Bowl by rising star potter expected to deliver a handsome return on investment

Art Daily
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The 18cm high hand-built black and white stepped rim bowl by John Ward (b.1939), bought two decades ago for £595, has a guide of £8000-12,000.
The 18cm high hand-built black and white stepped rim bowl by John Ward (b.1939), bought two decades ago for £595, has a guide of £8000-12,000.

STANSTED MOUNTFITCHET.- A vendor who bought a piece of studio pottery simply ‘because she liked it’ is expected to receive a handsome return on her investment when the piece comes to auction in October.

The 18cm high hand-built black and white stepped rim bowl by John Ward (b.1939), bought two decades ago for £595, has a guide of £8000-12,000 at Sworders on October 13.

The vendor is a friend of dealer Ian Courcoux whose gallery Courcoux & Courcoux Contemporary Art in the picturesque village of Nether Wallop in Hampshire represented then rising star potter John Ward. In April 2001, having “been hankering after one of his black and white a pots for sometime”, they finally purchased one. It retains its original receipt for £595.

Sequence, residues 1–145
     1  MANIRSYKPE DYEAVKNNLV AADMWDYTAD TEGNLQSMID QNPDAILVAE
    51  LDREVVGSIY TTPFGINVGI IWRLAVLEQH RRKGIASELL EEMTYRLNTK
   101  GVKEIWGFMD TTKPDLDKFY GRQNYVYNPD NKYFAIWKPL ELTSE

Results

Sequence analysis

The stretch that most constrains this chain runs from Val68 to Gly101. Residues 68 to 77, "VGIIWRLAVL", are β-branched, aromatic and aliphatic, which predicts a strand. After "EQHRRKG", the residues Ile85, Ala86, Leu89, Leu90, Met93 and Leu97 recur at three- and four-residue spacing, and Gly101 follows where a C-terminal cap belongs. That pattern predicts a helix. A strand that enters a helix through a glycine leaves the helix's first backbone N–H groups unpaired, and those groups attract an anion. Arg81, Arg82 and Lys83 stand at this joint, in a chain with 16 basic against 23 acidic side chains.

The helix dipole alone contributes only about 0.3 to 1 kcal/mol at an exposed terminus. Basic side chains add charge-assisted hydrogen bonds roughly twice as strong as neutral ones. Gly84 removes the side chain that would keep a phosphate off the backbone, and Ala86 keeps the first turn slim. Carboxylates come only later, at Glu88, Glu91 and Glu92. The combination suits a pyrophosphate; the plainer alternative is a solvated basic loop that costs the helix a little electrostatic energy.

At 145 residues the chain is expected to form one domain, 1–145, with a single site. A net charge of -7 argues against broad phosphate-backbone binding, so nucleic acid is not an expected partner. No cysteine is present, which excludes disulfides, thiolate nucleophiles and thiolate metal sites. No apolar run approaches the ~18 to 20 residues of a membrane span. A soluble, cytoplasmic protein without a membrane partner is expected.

In the intervening years the market for contemporary British ceramics, often referred to as studio pottery has changed markedly. Alongside the superstar names such as Dame Lucie Rie (1902-95) and her protegé Hans Coper (1920-81), the market had broadened to embrace a wider number of first, second and third generation potters. Ward’s prices in particular have spiked in the last decade with the current record standing at £18,000. It is the minimalist black and white coiled stoneware vessels with matt glazes that have become his signature pieces.

Sworders’ vendor had been unaware of the changing values until recently flicking through a copy of Country Life magazine. “We bought it because we liked it and were intrigued that it was a hand-built pot. We read in Country Life that its brethren had recently sold well and decided to sell. We will replace it with a young potters work.”

Ward came to his career in ceramics later in life, having first worked as a cameraman at the BBC. Studying under both Rie and Coper at the Camberwell School of Art in the late 1960s, he took his first workshop in London in 1971 before moving to Pembrokeshire to pursue a full-time career in 1979.